Army secretary Mark Esper has been named acting defense secretary, making him the third person to head the Department of Defense of during Trump’s two-and-a-half years in office. Here’s hoping he has better luck at the job than his predecessors.
Esper got the nod after acting defense secretary Patrick Shanahan withdrew his nomination for the official post because of a domestic violence scandal. Unlike the three previous Trump administration appointees and the former Trump campaign official who resigned due to domestic violence scandals, in this case it was Shanahan’s now ex-wife who was arrested for battering him. That’s still something Shanahan didn’t want to have to explain at a confirmation hearing, and he was probably even less eager to answer questions about a son’s arrest for beating his mother with a baseball bat, and why Shanahan told the police and courts it was a case of self-defense.
Shanahan was preceded by Jim Mattis, a retired four-star Marine general with a spotless reputation who breezed through his confirmation hearings and won bipartisan respect for his performance in the job, but he wound up resigning in less than a year, making it clear in his resignation letter that he disagreed with President Donald Trump on several important issues of national security. “My views on treating allies with respect and also being clear-eyed about both malignant actors and strategic competitors are strongly held,” Mattis wrote. “Because you have to the right to have a Secretary of Defense whose views are better aligned with yours on these other subjects, I believe it is right for me to step down.”
Esper’s confirmation hearing for his Army post didn’t turn up any scandals, so it’s unlikely the next round will dig up some dirt that the Trump administration’s notoriously lax vetting process overlooked. It’s also unlikely he’ll dare to differ with Trump with about anything, no matter how obviously wrong Trump might be.
The Democrats on the confirmation committee will probably have some questions to ask about Esper’s tenure as top lobbyist for Raytheon, the military’s second biggest contractor, but they would have had the same questions about Shanahan’s long career as high-ranking executive at Boeing, the military’s biggest contractor. The Democrats will probably have the same questions for any fourth nominee Trump might put forward, as he’s clearly comfortable with the military-industrial complex, and has jettisoned all the multi-starred generals and admirals he once bragged about for daring to disagree with him.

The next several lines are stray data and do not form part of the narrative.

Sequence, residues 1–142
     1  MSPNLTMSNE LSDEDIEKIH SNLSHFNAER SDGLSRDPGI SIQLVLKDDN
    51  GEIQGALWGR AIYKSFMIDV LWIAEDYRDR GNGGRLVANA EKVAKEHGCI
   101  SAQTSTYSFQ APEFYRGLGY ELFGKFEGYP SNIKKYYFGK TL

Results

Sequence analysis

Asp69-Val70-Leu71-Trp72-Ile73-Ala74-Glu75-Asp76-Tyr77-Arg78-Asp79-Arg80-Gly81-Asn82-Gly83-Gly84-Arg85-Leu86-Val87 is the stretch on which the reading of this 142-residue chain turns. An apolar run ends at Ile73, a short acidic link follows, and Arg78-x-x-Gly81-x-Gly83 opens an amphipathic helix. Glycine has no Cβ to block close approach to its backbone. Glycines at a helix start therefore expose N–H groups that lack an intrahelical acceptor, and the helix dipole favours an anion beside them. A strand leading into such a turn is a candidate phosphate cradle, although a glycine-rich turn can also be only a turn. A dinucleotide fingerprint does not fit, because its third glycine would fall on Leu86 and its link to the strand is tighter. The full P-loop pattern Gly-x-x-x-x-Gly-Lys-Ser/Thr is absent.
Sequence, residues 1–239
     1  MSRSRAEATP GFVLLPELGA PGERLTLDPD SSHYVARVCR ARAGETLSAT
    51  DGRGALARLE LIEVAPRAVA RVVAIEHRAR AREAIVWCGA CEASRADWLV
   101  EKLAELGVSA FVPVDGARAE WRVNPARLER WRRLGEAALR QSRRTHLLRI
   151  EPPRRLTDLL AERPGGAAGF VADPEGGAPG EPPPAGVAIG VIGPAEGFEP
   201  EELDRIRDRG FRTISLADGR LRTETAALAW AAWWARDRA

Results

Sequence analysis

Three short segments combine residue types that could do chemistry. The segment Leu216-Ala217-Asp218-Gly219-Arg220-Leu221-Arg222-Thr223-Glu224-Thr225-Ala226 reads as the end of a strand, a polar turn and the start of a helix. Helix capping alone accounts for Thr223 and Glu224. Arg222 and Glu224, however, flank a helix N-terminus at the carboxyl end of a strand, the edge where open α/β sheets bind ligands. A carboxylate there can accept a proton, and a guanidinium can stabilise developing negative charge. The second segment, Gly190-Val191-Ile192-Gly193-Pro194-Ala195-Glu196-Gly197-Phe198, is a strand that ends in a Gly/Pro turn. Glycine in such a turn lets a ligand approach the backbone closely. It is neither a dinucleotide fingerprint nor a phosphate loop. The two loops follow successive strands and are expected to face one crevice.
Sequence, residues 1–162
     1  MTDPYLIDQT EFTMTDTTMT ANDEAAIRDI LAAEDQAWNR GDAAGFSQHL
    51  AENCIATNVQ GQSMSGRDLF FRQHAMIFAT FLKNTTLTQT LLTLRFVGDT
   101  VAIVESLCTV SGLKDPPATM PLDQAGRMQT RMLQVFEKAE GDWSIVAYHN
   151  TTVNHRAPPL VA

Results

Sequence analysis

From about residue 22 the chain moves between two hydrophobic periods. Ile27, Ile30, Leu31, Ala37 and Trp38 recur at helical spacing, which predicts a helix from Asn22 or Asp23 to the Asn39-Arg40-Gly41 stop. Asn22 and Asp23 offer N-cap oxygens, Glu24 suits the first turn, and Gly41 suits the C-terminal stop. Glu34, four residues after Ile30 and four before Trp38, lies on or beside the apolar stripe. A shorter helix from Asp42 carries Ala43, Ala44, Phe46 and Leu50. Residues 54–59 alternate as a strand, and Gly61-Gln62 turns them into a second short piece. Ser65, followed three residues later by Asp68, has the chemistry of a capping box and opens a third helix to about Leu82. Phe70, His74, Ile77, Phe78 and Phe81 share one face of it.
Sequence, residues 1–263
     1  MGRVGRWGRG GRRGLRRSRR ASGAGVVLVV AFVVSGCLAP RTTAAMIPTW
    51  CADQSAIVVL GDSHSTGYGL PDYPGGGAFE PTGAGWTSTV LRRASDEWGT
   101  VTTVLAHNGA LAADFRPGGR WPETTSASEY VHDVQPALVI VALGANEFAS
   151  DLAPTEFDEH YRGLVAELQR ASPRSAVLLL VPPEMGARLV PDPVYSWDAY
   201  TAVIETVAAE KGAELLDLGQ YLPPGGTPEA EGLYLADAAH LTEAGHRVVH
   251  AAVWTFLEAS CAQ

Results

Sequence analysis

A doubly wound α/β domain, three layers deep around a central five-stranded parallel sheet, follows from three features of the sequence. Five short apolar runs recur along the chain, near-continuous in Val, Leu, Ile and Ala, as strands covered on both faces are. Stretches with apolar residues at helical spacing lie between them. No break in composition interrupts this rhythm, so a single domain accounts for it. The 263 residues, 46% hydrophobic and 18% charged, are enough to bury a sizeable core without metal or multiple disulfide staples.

Esper’s outstanding resume includes the dean’s list as West Point, a master’s degree from Harvard’s school of government, and a doctorate in philosophy of all things from George Washington University. He served in the 101st Airborne Division during the first Gulf War, was chief of staff at the conservative think tank The Heritage Foundation, and has held various government posts in the executive and legislative branches.
Despite such impeccable credentials, he was Trump’s third choice for Army secretary after the first two withdrew their nominations, in one case because the nominee didn’t want to divest his business holdings in defense-related business, in the other because of controversial comments about transgender bathrooms and Islam.
Esper will have to answer some tough questions from the Democrats about his handling of several sexual assault and harassment cases he handled as Army secretary, but the Republicans who hold a sight majority in the Senate probably won’t much care about that. We expect he’ll once again be easily confirmed, and will wind up doing as good a job as can be expected in an administration where the president and his national security advisor and Secretary of State are feuding about how to handle Iran’s recent aggression . He no doubt knows far more about defense issues than Trump does, as do Trump’s national security advisor and Secretary of State, but Esper also seems shrewd enough to not let the boss know that.
— Bud Norman